September 20, 2000 American Folklife Center to Create National Heritage Fellows Collection
Press Contact: Craig D'Ooge (202) 707-9189
Public Contact: (202) 707-5510
Contact: National Endowment for the Arts: (202) 682-5570
The American Folklife Center at the Library of Congress plans to create a continuing archival collection of documentation relating to the American folk artists who have been named National Heritage Fellows by the National Endowment for the Arts. The collection will be housed at the Center's Archive of Folk Culture, America's first archive of traditional life, and one of the oldest and largest such repositories in the world.
The announcement will be made when the 13 newly named National Heritage Fellows for 2000 are honored at a dinner, by invitation only, on September 20 in the Great Hall of the Library of Congress.
The National Heritage Fellowship is the nation's highest honor in the area of folk and traditional arts. Since 1982, the National Endowment for the Arts (NEA) has awarded 235 Fellowships. Recipients are nominated, often by members of their own communities, in recognition of their continuing artistic accomplishments in such areas as traditional music, dance, crafts, and narrative, as well as their contributions as practitioners and teachers. National Heritage Fellows have come from every region of the country and a broad range of cultural groups. They have included internationally famous artists such as tap dancer Jimmy "Slide" Godbolt, cowboy poet Wally McRae, and acclaimed musicians Zakir Hussain, Shirley Caesar, and Bill Monroe.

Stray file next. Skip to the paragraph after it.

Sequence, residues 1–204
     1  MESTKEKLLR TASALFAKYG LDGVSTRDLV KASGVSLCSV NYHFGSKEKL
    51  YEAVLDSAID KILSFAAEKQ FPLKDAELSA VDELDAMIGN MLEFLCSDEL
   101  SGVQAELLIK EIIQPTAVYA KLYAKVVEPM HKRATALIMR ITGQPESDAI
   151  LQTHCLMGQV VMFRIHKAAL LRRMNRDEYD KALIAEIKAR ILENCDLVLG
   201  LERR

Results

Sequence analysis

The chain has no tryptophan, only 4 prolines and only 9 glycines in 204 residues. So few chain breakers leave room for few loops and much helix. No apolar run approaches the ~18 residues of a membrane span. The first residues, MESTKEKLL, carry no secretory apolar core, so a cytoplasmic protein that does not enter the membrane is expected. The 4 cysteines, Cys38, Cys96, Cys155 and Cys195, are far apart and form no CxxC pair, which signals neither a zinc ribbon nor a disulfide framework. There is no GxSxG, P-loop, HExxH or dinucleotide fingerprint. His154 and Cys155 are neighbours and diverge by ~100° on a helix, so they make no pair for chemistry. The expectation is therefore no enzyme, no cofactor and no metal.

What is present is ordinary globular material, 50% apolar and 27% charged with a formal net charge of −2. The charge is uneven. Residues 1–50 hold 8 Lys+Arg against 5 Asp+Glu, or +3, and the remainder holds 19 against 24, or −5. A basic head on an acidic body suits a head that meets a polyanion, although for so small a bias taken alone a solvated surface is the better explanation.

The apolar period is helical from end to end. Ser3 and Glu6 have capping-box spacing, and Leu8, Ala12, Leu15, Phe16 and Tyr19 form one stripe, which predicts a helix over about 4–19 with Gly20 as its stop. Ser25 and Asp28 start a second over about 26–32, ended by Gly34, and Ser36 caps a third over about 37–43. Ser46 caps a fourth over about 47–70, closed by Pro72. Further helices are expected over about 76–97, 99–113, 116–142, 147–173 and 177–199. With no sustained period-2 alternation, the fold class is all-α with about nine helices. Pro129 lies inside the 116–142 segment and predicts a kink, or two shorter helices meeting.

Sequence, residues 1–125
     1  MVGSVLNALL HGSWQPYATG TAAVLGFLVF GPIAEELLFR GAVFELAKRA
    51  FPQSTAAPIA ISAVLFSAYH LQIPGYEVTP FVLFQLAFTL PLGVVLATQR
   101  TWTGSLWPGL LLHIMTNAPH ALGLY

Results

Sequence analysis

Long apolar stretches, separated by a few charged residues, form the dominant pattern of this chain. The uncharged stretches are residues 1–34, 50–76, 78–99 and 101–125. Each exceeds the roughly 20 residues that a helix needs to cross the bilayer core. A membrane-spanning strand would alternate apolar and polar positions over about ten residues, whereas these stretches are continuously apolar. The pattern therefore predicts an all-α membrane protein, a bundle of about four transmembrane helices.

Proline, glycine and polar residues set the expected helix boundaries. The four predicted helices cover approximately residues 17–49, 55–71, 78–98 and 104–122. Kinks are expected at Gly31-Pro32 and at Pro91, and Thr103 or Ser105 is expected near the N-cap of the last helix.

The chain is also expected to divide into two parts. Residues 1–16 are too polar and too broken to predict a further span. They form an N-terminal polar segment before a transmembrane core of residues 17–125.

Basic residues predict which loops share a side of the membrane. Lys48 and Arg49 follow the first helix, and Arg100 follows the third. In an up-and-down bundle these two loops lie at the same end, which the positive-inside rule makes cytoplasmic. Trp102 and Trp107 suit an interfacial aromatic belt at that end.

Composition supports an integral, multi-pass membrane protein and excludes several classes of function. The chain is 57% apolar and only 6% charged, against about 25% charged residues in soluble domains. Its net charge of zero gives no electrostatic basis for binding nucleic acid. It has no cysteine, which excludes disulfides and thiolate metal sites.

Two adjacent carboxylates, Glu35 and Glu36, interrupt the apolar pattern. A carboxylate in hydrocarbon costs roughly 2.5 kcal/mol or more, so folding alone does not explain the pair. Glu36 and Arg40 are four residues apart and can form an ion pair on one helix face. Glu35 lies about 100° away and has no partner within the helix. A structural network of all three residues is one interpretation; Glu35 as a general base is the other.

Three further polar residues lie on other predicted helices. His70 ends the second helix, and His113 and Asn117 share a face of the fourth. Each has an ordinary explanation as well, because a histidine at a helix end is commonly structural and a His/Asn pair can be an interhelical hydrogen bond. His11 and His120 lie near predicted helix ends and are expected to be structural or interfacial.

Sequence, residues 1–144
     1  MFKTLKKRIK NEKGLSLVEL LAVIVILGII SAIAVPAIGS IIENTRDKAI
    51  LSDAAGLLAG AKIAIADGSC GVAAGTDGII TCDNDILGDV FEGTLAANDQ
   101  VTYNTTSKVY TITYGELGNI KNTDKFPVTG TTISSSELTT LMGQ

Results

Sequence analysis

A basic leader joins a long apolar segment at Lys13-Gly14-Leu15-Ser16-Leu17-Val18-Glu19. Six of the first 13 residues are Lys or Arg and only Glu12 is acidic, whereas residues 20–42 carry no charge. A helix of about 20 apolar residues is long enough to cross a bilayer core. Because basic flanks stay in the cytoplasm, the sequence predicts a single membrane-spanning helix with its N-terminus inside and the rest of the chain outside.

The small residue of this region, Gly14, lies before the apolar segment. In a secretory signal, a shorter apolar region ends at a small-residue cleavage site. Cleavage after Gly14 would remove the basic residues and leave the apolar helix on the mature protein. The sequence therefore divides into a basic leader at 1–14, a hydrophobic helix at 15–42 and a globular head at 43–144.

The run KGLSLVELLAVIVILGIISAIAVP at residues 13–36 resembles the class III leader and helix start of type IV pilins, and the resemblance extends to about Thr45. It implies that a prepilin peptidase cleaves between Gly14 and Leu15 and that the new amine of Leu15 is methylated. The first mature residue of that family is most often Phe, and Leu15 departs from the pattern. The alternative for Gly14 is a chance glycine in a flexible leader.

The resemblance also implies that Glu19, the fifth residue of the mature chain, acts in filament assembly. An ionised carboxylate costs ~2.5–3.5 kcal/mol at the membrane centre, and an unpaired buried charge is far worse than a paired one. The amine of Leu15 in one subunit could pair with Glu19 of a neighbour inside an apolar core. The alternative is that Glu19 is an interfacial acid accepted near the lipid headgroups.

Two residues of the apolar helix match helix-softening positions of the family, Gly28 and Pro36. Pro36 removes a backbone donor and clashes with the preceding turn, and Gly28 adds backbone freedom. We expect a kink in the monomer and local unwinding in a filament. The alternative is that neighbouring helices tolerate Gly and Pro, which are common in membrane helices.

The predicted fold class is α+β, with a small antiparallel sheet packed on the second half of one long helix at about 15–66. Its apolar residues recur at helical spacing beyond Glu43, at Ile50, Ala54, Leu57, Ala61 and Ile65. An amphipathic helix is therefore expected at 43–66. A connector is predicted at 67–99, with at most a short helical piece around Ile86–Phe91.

"The National Heritage Fellows represent the country's rich and diverse cultural heritage, and they are the living embodiment of the grassroots creativity of the American people," said Peggy Bulger, director of the American Folklife Center. "Because of this, we are gathering sound recordings, video, photographs, publications, and other information on their lives and work. We will preserve this collection so that future generations can share in this treasury of American folk artistry."
Newly donated items will complement a modest quantity of information about the Fellows already in the Archive, including files from the NEA, field recordings, photographs, and manuscript materials.
The American Folklife Center at the Library of Congress was created by the U.S. Congress in 1976 through Public Law 94-201 and charged to "preserve and present American folklife." The Center incorporates the Library's Archive of Folk Culture, which was founded in 1928 as a repository for American folk music and is now one of the largest collections of ethnographic documentary materials from the United States and around the world. The Center carries out its congressional mandate through its collections, programs, and services, which have touched all 50 states and the American territories.
The American Folklife Center maintains a public reading room (202/707-5510) in the Thomas Jefferson Building, provides reference services, sponsors concerts and other events at the Library, and produces both print publications and published recordings from its collections. The Center conducts field documentation projects and assists ethnographic researchers through an equipment loan program.